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No ke Kākāʻōlelo ma ka Moʻolelo Hawaiʻi Kahiko a i ka MH 1860
|Title:||No ke Kākāʻōlelo ma ka Moʻolelo Hawaiʻi Kahiko a i ka MH 1860|
|Authors:||Perreira, Hiapokeikikāne Kichie|
|Publisher:||University of Hawaiʻi Press|
|Abstract:||This article examines the various meanings of the term kākāʻōlelo as encountered in books and articles written or edited by Hawaiians prior to the year 1861. Before considering this evidence, the lexical definitions found in the standard dictionaries are compared in which there is a consensus that the word carries a meaning similar to orator or oratory. This sense, however, is not borne out when we see how the word is generally used by the earliest Hawaiian writers.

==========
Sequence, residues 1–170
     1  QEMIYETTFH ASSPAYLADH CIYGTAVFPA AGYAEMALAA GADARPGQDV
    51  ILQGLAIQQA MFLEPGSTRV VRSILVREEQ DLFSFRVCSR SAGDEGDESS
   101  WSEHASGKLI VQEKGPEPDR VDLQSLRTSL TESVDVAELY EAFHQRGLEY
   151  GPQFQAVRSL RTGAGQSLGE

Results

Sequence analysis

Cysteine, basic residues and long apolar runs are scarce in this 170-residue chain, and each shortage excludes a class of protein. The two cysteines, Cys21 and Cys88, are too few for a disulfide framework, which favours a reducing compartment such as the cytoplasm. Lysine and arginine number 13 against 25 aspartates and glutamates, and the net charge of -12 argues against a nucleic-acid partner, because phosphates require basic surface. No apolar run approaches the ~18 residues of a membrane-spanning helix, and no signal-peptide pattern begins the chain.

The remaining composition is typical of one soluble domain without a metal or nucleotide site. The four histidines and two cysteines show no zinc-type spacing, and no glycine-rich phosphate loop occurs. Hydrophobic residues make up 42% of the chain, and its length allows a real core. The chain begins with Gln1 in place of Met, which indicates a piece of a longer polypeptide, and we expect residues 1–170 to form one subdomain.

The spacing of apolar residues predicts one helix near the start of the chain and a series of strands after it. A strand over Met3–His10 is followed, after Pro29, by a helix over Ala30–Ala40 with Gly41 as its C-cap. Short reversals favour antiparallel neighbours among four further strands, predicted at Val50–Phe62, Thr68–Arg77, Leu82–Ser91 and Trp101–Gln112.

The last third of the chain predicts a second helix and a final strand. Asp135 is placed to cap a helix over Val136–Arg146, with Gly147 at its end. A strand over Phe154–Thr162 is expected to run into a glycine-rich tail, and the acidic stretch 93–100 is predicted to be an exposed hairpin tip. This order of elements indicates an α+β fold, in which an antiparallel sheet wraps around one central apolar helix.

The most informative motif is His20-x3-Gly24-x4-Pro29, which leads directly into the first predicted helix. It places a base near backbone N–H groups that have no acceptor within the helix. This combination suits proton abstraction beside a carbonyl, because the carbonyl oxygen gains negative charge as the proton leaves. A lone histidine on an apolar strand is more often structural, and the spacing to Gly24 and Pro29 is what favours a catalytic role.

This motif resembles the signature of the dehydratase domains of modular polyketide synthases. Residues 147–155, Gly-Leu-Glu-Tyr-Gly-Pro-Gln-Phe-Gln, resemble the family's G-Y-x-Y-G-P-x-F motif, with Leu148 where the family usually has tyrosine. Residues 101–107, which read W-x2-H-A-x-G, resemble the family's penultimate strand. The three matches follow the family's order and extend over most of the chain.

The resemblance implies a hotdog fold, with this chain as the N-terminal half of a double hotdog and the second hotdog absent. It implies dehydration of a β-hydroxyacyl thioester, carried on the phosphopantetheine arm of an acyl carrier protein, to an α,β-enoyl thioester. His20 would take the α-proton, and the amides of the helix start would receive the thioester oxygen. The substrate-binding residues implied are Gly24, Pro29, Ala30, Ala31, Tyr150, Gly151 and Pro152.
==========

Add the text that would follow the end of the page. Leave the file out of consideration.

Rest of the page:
Following the examination of the lexical definitions, all examples of the word as used by Hawaiian writers are carefully examined, including those from Davida Malo's Moʻolelo Hawaiʻi, the Hawaiian translation of the Bible (whose word choice was decided by Hawaiian advisors), and articles printed in the Hawaiian-language newspapers prior to 1861, i.e., up until the appearance of Ka Hoku o ka Pakipika and Ka Nupepa Kuokoa. While the first two sources, and most of the third, understand kākāʻōlelo as an advisor to royalty, it is in some of the newspaper articles that we first begin to see the connection with skilled oratory.
|Appears in Collections:||
Palapala Volume 1 (2017)|
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